A couple of weeks ago, during the International Keyboard Institute and Festival at Mannes College the New School for Music in New York, the 20-year-old Daniil Trifonov, fresh from his victory at the International Tchaikovsky Competition in Moscow, showed astonishing skills in works by Scriabin, Chopin and Liszt. He has a poetic side that needs developing. Still, this young man is a formidable virtuoso.

What long-term effect this trend will have on the field is not clear. Classical music is facing its share of challenges, including declining appreciation of the art form among the general public, and not all segments of the audience are noticing the breakthrough in technical accomplishment that is apparent to insiders: pianists, concert presenters and pianophiles. Because so many pianists are so good, many concertgoers have simply come to expect that any soloist playing the Tchaikovsky First Concerto with the New York Philharmonic will be a phenomenal technician.

A new level of technical excellence is expected of emerging pianists. I see it not just on the concert circuit but also at conservatories and colleges. In recent years, at recitals and chamber music programs at the Juilliard School and elsewhere, particularly with contemporary-music ensembles, I have repeatedly been struck by the sheer level of instrumental expertise that seems a given.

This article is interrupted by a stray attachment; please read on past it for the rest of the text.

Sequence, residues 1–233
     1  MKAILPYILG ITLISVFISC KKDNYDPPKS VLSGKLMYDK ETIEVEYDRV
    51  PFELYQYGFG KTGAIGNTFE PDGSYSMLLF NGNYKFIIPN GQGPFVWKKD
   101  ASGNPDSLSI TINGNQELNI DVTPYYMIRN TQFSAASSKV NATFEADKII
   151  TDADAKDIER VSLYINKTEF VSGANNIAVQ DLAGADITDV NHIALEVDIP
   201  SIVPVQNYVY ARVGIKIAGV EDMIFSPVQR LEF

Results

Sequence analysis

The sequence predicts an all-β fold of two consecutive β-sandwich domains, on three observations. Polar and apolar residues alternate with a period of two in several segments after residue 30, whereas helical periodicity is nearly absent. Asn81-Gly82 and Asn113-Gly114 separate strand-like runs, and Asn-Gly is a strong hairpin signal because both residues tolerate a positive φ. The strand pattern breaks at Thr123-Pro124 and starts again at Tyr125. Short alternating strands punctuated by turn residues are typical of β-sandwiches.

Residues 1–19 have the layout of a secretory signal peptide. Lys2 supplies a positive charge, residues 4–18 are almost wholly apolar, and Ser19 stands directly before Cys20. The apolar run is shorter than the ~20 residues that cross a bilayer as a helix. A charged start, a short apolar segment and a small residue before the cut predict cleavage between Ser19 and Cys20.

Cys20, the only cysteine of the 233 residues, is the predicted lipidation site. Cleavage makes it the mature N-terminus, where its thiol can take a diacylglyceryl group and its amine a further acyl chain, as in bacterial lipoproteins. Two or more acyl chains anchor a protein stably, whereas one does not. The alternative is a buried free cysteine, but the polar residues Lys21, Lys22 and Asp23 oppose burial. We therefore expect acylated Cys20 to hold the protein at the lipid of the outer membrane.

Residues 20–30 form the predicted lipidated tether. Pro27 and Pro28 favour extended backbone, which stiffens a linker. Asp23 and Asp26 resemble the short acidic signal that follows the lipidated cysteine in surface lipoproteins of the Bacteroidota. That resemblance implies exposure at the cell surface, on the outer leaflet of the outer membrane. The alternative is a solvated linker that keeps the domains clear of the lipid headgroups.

The pianist Jerome Lowenthal, a longtime faculty member at Juilliard, said in a recent telephone interview from California that a phenomenon is absolutely taking place. He observes it in his own studio.

When the 1996 movie “Shine,” about the mentally ill pianist David Helfgott, raised curiosity about Rachmaninoff’s Third Piano Concerto, Mr. Lowenthal was asked by reporters whether this piece was as formidably difficult as the movie had suggested. He said that he had two answers: “One was that this piece truly is terribly hard. Two was that all my 16-year-old students were playing it.”

Some months ago I was speaking about the issue with the pianist Gilbert Kalish, who teaches at Stony Brook University on Long Island. He said that when Gyorgy Ligeti’s études, which explore new realms of texture, sound and technique at the piano, gained attention in the 1990s, they were considered nearly impossible. Only experts like the French pianist Pierre-Laurent Aimard could play them, it was thought. But now, thanks to greater familiarity, Mr. Kalish said, “my students at Stony Brook play them quite comfortably.”